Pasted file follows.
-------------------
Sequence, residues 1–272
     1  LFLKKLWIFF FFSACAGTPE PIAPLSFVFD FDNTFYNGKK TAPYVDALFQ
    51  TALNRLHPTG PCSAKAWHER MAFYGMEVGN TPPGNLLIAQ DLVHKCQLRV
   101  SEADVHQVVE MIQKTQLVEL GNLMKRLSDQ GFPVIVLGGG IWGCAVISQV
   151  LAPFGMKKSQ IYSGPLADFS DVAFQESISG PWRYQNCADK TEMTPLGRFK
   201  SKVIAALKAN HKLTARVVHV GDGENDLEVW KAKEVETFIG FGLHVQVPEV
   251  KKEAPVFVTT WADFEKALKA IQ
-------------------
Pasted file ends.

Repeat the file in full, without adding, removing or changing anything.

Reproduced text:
Sequence, residues 1–272
     1  LFLKKLWIFF FFSACAGTPE PIAPLSFVFD FDNTFYNGKK TAPYVDALFQ
    51  TALNRLHPTG PCSAKAWHER MAFYGMEVGN TPPGNLLIAQ DLVHKCQLRV
   101  SEADVHQVVE MIQKTQLVEL GNLMKRLSDQ GFPVIVLGGG IWGCAVISQV
   151  LAPFGMKKSQ IYSGPLADFS DVAFQESISG PWRYQNCADK TEMTPLGRFK
   201  SKVIAALKAN HKLTARVVHV GDGENDLEVW KAKEVETFIG FGLHVQVPEV
   251  KKEAPVFVTT WADFEKALKA IQ